Undisclosed industry sources said that THQ Appalachia I LLC (Tug Hill and Quantum Energy) is seeking a sale of the U.S. natural gas producer for more than $5 billion, including debt. Mainly operating in the Marshall and Wetzel counties in West Virginia, THQ Appalachia has net production of around 760 MMcf/d. Despite volatility in commodity markets which has made the valuation of energy producers tougher, THQ Appalachia is anticipating more than $5 billion due to the worth of its existing production and the possible value of its undeveloped acreage, the sources said on June 17. Additionally to purchasing THQ Appalachia, possible bidders in the sale process also have the opportunity to buy XcL Midstream, the pipeline firm that moves the company’s gas to market and has the same CEO as in Tug Hill. If the same buyer chooses to purchase XcL, the deal consideration will increase further. However, the anonymous sources admitted that the sale depends on the market conditions and is not guaranteed since Tug Hill and Quantum could ultimately decide to retain some or all of THQ Appalachia and XcL’s assets. Tug Hill and Quantum refused to comment on these statements and XcL did not respond to a comment request.
Exxon Mobil Corp. is weighing prospects of selling its assets in North Dakota’s Bakken, after gauging interest from potential buyers — 5 billion is the issue price, at least according to rumors. The price point came about after the news that the oilgiant is in the final round of hiring bankers to help launch the sale. Yet Exxon Mobil itself stays tight-lipped regarding the situation.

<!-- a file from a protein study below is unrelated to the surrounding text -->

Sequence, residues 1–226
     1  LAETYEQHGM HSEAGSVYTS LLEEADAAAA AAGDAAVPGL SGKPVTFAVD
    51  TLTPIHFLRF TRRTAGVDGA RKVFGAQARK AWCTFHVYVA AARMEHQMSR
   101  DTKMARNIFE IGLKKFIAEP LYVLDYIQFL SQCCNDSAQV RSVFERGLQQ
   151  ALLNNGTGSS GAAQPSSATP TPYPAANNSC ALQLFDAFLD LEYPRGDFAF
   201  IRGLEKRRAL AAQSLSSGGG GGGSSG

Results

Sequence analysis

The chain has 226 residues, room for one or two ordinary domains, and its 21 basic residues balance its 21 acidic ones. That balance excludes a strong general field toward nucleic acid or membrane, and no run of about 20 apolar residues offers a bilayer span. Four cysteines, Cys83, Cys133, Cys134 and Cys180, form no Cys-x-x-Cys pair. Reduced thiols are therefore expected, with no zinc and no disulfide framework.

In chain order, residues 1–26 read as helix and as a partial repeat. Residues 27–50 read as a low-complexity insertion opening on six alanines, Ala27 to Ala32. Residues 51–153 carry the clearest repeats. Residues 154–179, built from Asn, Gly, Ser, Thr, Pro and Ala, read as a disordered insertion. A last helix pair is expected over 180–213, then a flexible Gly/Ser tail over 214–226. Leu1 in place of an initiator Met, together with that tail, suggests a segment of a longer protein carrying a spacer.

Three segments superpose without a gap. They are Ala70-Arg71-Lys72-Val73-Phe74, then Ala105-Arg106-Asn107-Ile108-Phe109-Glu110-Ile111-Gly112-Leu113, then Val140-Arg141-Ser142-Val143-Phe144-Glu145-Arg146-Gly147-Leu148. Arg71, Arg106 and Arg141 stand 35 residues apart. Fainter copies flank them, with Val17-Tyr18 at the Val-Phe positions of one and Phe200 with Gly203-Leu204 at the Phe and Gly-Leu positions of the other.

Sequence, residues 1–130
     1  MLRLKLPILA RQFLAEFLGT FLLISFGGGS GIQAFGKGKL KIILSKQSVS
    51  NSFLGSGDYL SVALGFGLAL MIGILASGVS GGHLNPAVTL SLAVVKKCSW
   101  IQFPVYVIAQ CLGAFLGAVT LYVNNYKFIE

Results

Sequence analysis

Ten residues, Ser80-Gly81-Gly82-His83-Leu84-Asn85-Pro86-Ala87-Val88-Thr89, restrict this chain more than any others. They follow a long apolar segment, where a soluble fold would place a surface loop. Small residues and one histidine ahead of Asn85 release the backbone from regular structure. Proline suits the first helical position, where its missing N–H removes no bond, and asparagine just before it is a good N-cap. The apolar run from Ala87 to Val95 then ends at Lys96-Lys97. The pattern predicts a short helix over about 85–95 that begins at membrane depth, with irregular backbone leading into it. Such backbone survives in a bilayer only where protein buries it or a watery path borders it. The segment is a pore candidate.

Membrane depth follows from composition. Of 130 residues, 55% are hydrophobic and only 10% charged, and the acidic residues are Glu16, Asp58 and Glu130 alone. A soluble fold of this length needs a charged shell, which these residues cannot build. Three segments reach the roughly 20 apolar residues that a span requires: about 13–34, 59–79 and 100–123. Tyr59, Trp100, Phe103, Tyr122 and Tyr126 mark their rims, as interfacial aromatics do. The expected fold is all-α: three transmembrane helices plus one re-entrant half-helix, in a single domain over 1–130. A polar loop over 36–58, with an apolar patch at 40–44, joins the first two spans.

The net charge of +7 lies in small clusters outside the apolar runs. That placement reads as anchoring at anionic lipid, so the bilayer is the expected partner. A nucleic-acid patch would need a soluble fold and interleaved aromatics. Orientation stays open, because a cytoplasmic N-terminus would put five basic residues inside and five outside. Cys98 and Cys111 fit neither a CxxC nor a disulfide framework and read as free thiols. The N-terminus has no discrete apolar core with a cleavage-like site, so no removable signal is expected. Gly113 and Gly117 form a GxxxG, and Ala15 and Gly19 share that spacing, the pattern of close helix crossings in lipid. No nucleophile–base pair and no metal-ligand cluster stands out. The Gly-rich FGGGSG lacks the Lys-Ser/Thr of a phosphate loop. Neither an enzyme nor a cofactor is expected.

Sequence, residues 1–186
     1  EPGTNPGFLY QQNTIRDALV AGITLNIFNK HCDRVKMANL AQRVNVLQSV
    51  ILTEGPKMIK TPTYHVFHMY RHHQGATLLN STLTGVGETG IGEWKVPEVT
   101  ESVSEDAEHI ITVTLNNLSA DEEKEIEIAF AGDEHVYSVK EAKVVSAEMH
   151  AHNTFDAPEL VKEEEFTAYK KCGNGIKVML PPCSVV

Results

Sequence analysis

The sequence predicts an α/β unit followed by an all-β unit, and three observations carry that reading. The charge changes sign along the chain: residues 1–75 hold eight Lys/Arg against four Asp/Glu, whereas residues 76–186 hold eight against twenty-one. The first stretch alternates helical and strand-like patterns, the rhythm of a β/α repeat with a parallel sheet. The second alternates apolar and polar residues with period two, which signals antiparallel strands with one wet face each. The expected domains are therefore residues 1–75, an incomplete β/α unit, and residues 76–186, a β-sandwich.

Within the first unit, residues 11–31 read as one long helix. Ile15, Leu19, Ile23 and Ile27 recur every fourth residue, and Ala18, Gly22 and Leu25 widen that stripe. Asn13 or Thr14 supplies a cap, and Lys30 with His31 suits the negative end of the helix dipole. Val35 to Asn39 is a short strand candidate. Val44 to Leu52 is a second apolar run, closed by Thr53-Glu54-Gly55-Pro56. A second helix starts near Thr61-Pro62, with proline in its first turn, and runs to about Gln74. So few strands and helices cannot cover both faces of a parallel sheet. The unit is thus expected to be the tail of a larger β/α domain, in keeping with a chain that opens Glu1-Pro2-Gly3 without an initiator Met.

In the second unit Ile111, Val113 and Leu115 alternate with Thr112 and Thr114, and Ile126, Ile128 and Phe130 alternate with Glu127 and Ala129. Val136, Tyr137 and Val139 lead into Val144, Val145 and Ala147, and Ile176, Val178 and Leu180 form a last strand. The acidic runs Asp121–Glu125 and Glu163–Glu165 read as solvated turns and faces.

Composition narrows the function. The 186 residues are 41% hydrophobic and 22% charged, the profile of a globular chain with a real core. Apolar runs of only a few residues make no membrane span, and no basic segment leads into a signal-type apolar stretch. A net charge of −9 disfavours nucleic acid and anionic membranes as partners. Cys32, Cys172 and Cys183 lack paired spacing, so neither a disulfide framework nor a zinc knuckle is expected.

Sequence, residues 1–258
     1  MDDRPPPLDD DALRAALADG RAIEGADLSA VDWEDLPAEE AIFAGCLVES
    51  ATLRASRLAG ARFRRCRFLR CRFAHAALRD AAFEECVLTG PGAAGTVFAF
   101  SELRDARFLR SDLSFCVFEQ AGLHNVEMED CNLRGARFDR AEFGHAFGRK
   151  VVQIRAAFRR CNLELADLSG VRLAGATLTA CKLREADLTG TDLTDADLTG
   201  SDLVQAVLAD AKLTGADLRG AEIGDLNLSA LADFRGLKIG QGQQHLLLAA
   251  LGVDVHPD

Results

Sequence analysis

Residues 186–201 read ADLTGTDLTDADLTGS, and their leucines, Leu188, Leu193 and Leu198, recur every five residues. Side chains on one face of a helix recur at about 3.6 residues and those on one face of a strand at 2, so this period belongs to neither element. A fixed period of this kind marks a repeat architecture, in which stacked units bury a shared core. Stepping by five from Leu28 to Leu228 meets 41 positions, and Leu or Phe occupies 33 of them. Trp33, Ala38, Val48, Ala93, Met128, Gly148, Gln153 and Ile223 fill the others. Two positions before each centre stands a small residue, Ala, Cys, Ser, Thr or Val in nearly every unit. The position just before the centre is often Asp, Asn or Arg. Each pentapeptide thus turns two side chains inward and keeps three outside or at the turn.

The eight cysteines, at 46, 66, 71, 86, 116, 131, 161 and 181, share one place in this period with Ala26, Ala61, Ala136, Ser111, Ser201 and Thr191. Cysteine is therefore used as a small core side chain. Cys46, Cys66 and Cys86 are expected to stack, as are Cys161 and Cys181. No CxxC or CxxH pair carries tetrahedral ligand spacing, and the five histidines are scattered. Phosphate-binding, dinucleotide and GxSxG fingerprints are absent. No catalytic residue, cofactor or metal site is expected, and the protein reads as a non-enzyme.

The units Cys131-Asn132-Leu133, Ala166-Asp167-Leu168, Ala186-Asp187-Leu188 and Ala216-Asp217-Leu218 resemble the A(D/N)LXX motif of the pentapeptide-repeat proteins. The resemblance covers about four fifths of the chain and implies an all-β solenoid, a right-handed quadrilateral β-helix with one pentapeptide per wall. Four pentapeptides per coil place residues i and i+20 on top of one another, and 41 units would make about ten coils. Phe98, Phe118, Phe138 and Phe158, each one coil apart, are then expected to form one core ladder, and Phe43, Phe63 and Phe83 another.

The crux of the matter is rather simple: productivity gains of local energy operators have been stable not only because they are drilling better acreage, but also because players finally realized capital efficiency gains. And even if some new obstacles impede Appalachia's growth at the same rate as the Permian or Haynesville, it does not detract from the value of the Marcellus and Utica basins. The Appalachians will still be the top producers at a very competitive pace as long as commercial inventory exists. After all, as long as there is commercial inventory, somebody will have to drill.
Crestwood & Oasis Midstream merge to create a top Williston #basin player. $1.8 billion deal is expected to close during the Q1 of 2022. The transaction will result in a 21.7% ownership stake for Oasis in Crestwood common units. The remaining ownership of Oasis in Crestwood will also be of benefit to the company since it will create a diversified midstream operator with a strong balance sheet and a bullish outlook after this accretive merger.